11

I'm building an utility function that should search for a property name and return its value once it is found. It should do this recursively:

// Function
util.findVal = (object, propName) => {
  for (let key in object) {
    if (key === propName) {
      console.log(propName)
      console.log(object[key])
      return object[key]
    } else {
      util.findVal(object[key], propName)
    }
  }
}

// Input
object: {
  photo: {
    progress: 20
  }
}

// Usage
util.findVal(object, 'progress')

However the console log goes forever and the browser crashes. What am I doing wrong?

EDIT:

This is how I'm calling the function:

// Input

item: {
  photo: {
    file: {},
    progress: 20
  }
}

this.findProgress(item)

methods: {
  findProgress (item) {
    return util.findVal(item, this.propName)
  }
}

11 Answers 11

18

You could use Object.keys and iterate with Array#some.

function findVal(object, key) {
    var value;
    Object.keys(object).some(function(k) {
        if (k === key) {
            value = object[k];
            return true;
        }
        if (object[k] && typeof object[k] === 'object') {
            value = findVal(object[k], key);
            return value !== undefined;
        }
    });
    return value;
}

var object =  { photo: { progress: 20 }};
console.log(findVal(object, 'progress'));

  • Ha, of all the answer, yours is the only one that works. Strange. – alex Nov 15 '16 at 8:26
  • @alex: it all boils down to what is your definition of "works". – 6502 Sep 13 '18 at 12:07
5

Your code has a few errors:

  • You're recursively calling util.findVal but not returning the result of the call. Code should be return util.findVal(...)
  • You're not passing the attribute name key to the recursive call
  • You're not handling the possibility of a reference loop
  • If an object contains a key and also a sub-object that contains the key which value is returned is random (depends on the sequence in which the keys are analyzed)

The third problem is what can cause infinite recursion, for example:

var obj1 = {}, obj2 = {};
obj1.x = obj2; obj2.y = obj1;

if you just keep looking recursively searching in obj1 or obj2 could lead to infinite recursion.

Unfortunately for reasons not clear to me in Javascript is impossible to know the object "identity"... (what Python id(x) does) you can only compare an object to another. This means that to know if an object has already been seen in the past you need a linear scan with known objects.

ES6 added the possibility to check object identity with Set and Map where objects can be used as keys. This allows for faster (sub-linear) search times.

A search solution that runs in depth order could be for example:

function findVal(obj, key) {
    var seen = new Set, active = [obj];
    while (active.length) {
        var new_active = [], found = [];
        for (var i=0; i<active.length; i++) {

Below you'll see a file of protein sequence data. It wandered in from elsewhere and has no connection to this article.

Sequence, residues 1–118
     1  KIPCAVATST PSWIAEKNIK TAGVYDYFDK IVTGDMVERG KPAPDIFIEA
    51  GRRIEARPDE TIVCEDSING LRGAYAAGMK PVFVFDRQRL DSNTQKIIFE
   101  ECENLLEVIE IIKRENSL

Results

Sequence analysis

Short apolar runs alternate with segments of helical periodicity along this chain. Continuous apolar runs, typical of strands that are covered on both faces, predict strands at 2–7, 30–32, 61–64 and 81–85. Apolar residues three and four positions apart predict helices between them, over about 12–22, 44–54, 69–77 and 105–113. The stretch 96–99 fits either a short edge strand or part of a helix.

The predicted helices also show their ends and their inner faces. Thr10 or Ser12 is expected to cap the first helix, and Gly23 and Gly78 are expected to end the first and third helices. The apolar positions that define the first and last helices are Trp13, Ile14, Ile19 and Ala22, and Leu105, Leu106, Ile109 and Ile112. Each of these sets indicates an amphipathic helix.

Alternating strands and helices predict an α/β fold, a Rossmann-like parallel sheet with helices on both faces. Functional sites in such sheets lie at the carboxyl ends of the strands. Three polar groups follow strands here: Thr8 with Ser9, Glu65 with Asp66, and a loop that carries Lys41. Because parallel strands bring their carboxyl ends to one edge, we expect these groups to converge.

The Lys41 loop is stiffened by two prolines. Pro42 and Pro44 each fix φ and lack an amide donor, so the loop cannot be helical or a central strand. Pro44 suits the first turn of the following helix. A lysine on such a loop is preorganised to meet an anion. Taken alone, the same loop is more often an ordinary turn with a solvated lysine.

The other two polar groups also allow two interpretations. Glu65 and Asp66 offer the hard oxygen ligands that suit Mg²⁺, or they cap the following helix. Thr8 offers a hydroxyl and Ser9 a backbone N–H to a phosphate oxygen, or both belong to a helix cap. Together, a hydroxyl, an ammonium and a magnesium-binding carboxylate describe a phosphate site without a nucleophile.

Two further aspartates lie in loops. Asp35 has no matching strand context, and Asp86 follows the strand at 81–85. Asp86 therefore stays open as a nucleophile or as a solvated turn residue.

Object.keys(active[i]).forEach(function(k){
                var x = active[i][k];
                if (k === key) {
                    found.push(x);
                } else if (x && typeof x === "object" &&
                           !seen.has(x)) {
                    seen.add(x);
                    new_active.push(x);
                }
            });
        }
        if (found.length) return found;
        active = new_active;
    }
    return null;
}

given an object and an attribute name, returns all the values found with that name at the first depth they are found (there can be more than one value: for example when searching {x:{z:1}, y:{z:2}} for the key "z" two values are at the same depth).

The function also correctly handles self-referencing structures avoiding infinite search.

  • When trying to edit this answer to fix the missing closing parenthesis on the example's "else if", Stack Overflow's restriction on minimum amount of changed characters striked in forcing some unrelated changes to be made in order to submit the edit for review. I hope it does not get rejected for that. – AndreCunha Jul 27 at 13:19
2

try changing else statement like this

return util.findVal(object[key],propName)

1

I think you are saying that you want to look for the property name anywhere recursively within the objects tree of properties and sub-properties. If so, here is how I would approach this:

var object1 = _getInstance(); // somehow we get an object
var pname = 'PropNameA';

var findPropertyAnywhere = function (obj, name) {
    var value = obj[name];
    if (typeof value != 'undefined') {
        return value;
    }
    foreach(var key in obj) {
        var v2 = findPropertyAnywhere(obj[key], name);
        if (typeof v2 != 'undefined') {
            return v2;
        }
    }
    return null;
}
findPropertyAnywhere(object1, pname);
  • The test typeof value != 'undefined' would likely be better as obj.hasOwnProperty(name) since the property may exist and have the value undefined. – RobG Nov 15 '16 at 7:27
1

Think about it if there is no key found.

I think you could do something like this instead of search

return object[propName] || null 

In your code there was a breakpoint missing, I guess you are trying to search inside the whole object not just the directly related attributes so here is an edit for you code

EDIT:

util.findVal = (object, propName) =>{
 if(!!object[propName]){
   return object[propName]
 }else{
   for (let key in object) {
     if(typeof object[key]=="object"){
      return util.findVal(object[key], propName)
     }else{
      return null
     }
  }